Innovative dementia care environments as alternatives for traditional nursing homes: evidence and experiences from the Netherlands
Key goals of the dementia care environment focus on increasing autonomy, supporting independence and trying to enable one’s own lifestyle for as long as possible. To meet these goals, innovative, small-scale and homelike care environments have been developed that have radically changed the physical, social and organizational aspects of long-term care in the Netherlands. This presentation discusses various Dutch models that have implemented small-scale and homelike care environments, including green care farms, dementia village and citizen initiatives. The models reflect a common care concept, focusing on residents’ remaining strengths, providing opportunity for choice and aiming to sustain a sense of self and control. A small number of residents (usually 6 to 8) live together in a homelike environment and nursing staff are part of the household. Residents are encouraged to participate in daily household activities, emphasizing normalization of daily life with person-centred care. The physical environment resembles an archetypal home. This talk presents the scientific evidence on the impact and effects of these small-scale, homelike models on residents, their family caregivers and staff. Furthermore, the presentation will highlight working approaches and how these initiatives have positively influenced routine care across the long-term care spectrum.
Introduction: Negative symptoms such as diminished initiative, drive, motivation, and emotional reactivity have been described in patients with Alzheimer's disease (AD). The purpose of this study was to retrospectively analyze the efficacy and tolerability of risperidone for the treatment of clinically significant positive and negative symptoms in AD. Methods: We reviewed the charts of 50 community-residing AD patients who had been treated in a specialized university-based dementia management clinic. Clinical data comparing baseline and 12 weeks of treatment were obtained by reviewing a series of rating scales that were recorded as part of a comprehensive behavioral assessment. Results: Reviewed subjects had a mean age of 79.7±6 years and a mean of 12±3.6 years of school. Seventy percent of the subjects were female and the majority was White. The mean dose of risperidone prescribed was 1.3±0.6 mg per day (range from 0.5 mg to 3.0 mg). After 12 weeks of treatment, the severity of positive and negative symptoms was significantly reduced. Importantly, improvement in negative symptoms with the use of risperidone appeared to be independent of a positive treatment effect on positive symptoms. Risperidone had insignificant effects on both cognitive status and the emergence of extrapyramidal symptoms. Conclusion: This retrospective study demonstrates that risperidone appears to be efficacious in the treatment of clinically significant positive and negative symptoms in patients with AD.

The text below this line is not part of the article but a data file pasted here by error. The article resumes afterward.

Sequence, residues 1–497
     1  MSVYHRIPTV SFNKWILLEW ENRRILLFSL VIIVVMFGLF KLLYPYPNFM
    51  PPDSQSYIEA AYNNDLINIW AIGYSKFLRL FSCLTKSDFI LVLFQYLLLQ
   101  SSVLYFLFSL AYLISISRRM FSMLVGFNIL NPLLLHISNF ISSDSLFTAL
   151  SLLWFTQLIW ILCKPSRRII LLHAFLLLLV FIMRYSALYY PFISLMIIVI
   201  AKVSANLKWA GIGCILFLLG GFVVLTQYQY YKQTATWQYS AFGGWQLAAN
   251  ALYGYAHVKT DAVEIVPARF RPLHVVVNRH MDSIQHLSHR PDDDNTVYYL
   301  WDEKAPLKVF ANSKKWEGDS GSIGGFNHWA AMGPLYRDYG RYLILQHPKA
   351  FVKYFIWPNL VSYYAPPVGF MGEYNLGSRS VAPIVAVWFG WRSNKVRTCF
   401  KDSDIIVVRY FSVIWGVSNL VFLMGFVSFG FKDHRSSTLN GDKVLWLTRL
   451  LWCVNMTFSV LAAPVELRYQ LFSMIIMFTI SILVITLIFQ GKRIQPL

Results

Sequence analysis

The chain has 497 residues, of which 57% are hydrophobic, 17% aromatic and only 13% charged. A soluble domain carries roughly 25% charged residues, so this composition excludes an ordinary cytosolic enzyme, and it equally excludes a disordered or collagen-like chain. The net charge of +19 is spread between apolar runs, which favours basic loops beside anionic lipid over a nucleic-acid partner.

Email your librarian or administrator to recommend adding this to your organisation's collection.